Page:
Chinese-Australians And The Young Are Being Targeted By Scam Calls That’ve Netted $9 Million

Chinese-Australians And The Young Are Being Targeted By Scam Calls That’ve Netted $9 Million
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If you’ve been getting weird scam calls and voicemails and wondered how much money people can make from them, here’s your answer.

Australians have lost more than $8.8 million just this year to ‘threat-based scammers’, according to the Australian Competition and Consumer Commission (ACCC)’s ScamWatch.

Threat-based scammers are people pretending to be authority figures who will intimate and scare others into giving them money. Many scammers pretend to be police officers, investigators or working for the tax office who will demand money from them. Other scams use a ‘robo-call’ pre-recorded message telling them they’ve broken the law and to hold the line to speak to an investigator.

And out of the 18,000 reports this year — up 40% from the previous year — Chinese-Australians and young Australians seem to be the most at risk.

Three-quarters of all losses came from scam calls targeted at Mandarin speakers, totalling $6.5 million in losses. Scammers impersonated authorities from the Chinese embassy, police or other government officials.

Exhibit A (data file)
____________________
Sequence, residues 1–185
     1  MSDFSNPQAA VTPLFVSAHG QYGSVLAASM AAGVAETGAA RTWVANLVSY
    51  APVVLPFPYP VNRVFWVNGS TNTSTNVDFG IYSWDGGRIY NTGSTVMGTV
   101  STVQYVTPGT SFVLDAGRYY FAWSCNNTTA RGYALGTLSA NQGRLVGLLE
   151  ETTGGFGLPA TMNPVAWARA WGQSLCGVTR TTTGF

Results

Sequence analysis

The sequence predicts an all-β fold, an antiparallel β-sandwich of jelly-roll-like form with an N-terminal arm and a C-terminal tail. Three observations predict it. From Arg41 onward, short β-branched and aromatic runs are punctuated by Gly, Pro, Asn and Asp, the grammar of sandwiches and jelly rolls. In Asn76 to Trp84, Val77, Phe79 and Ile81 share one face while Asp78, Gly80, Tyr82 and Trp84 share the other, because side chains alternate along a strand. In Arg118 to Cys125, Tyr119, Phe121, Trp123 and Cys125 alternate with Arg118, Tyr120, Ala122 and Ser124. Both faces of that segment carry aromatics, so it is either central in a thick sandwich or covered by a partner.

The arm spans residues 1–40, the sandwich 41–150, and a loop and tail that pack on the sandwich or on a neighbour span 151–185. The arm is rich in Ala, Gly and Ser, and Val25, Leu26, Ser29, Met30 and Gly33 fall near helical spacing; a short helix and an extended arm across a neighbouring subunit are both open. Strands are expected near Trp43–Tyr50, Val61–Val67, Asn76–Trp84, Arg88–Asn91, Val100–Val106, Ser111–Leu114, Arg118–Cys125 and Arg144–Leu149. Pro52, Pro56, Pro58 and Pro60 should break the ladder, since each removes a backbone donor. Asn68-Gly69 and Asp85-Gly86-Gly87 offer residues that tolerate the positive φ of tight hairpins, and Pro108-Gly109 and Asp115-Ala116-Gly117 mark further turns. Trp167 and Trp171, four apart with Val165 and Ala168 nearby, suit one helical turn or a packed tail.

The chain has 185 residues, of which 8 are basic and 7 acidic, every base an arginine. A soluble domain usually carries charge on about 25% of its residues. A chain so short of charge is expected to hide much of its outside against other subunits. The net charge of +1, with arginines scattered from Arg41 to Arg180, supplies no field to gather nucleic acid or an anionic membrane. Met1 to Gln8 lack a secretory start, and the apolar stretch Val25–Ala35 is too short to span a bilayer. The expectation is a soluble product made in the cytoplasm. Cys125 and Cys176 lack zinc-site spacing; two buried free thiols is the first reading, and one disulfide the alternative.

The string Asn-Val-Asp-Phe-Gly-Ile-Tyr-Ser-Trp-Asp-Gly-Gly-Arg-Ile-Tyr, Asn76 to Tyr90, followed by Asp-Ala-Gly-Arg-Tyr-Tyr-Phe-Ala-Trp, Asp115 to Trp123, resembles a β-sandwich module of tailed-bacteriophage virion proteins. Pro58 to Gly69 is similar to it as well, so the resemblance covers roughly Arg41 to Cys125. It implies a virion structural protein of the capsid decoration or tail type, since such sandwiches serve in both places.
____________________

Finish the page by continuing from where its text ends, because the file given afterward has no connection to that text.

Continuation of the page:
“Threat based scams disproportionately impact people with English as a second language, including foreign students, who may not fully understand Australian law,” said ACCC Deputy Chair Delia Rickard.

Likewise, more than $4.1 million was lost by people aged 24 and under, with three-quarters of the scam call losses coming from women.

“It is extremely concerning that young people are being so severely emotionally and financially impacted by threat based scams,” Rickard said.

“Victims will often provide personal information to scammers, as they believe they are dealing with a government agency, and this can lead to identity theft or falling victim to further scams.”

The ACCC advises that Australians who receive a call from someone purporting to be from a government agency, and caller’s legitimacy doesn’t seem right, they should hang up and call back via an independent online search.

If you’ve been subject to fraud or theft, you can call your local police or Crime Stoppers on 1800 333 000. Victims of identity theft should contact the government-funded IDCARE service via 1300 IDCARE or visit their website www.idcare.org.